4. Find a friend to run with. Running is a solo sport, in the sense that you’re not having to rely on team members to get you through a run (unless, of course, you’re doing a relay). I actually love to run by myself as the runs can just be dictated by me and no one else. I don’t have any distractions but my own thoughts. But as much as I love my alone time, running can be lonely, if you’re out there logging those long miles all by yourself. Running with a friend (or two) can be so helpful – you’ll be able to spend time with people you care about, you’ll be distracted from soreness or pain by your friends’ conversations, and you’ll be able to challenge each other to go further and faster than before. I’ve found that the more I run with people faster than me (and trust me – there’s a whole LOT of people who are faster than me), the faster I eventually get. My friends who are more experienced runners have been able to give me tips on recovery and covering long distances and fuel – topics I could have just researched online but ones that mean more to me since my friends have first-hand knowledge of those things. Once, I was doing a 5 mile run with a group of friends and I ended up tripping on the gravel road, scraping both my knees and my right hand pretty bad. Thankfully I wasn’t alone and a friend of mine was able to see that I was okay – okay enough to keep running. It could have been far worse and I couldn’t imagine what it would have been like if I was running by myself, with no help around.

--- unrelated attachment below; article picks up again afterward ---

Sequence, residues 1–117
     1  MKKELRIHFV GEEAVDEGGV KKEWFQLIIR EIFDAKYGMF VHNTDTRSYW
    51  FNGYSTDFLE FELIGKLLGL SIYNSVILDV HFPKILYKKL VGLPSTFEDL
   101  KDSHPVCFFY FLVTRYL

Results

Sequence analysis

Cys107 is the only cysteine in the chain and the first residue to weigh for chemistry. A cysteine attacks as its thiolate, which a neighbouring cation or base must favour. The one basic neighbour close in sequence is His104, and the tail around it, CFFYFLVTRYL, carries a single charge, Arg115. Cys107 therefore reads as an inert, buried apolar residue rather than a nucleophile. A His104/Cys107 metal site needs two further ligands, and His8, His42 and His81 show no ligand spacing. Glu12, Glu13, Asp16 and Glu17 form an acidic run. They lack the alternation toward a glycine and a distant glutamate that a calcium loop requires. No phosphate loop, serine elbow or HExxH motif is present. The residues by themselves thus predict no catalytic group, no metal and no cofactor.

5. Set a goal and sign up for a race. Sure, you’re no Kara Goucher (neither am I, for that matter) so you may not exactly be racing against others. But when you do sign up for a race, regardless of what distance, you’ll be racing against yourself. For me, myself and I – that’s all that matters. To be run faster than before. To cover a distance I’ve never done before. To push myself harder, knowing that it’s in me. We all have different goals, different backgrounds, different abilities. If you’re a new runner, you may just want to cross that finish line! But others may want to finish a specific distance under a certain time. When you sign up for a race, know what your goal is and do what you can to meet that goal. You may not be able to run 5-minute miles but if you can finish your first 5k in 45 minutes and that’s the best you could have done, then you should be proud of yourself. What’s great about running is that you can only just get better. Sign up for that next race and try to beat your previous time – if you put the time and effort into training properly, you might surprise yourself and be faster than before. Races are also just so much fun to do. Adrenaline is flowing, the air is electric, everyone seems to be excited (and on edge). No need to be afraid that you’re a newbie – from my experience, the running community is a very supportive one. In quite a few races that I’ve done, fellow runners have cheered me on when I looked like I was ready to quit. I’ve even struck up conversations with perfect strangers – all because we knew the kind of effort and pain it takes to finish. It’s a camaraderie that I wouldn’t trade for anything. Plus, there’s always the race t-shirt and post-race party!
There are many more things that a beginner runner can learn, but these are things that you will discover the more you run. So take a deep breath, lace up those sneakers and head out the door. Run for yourself and you will grow to enjoy it. Walk if you have to, but don’t stop running. Good luck!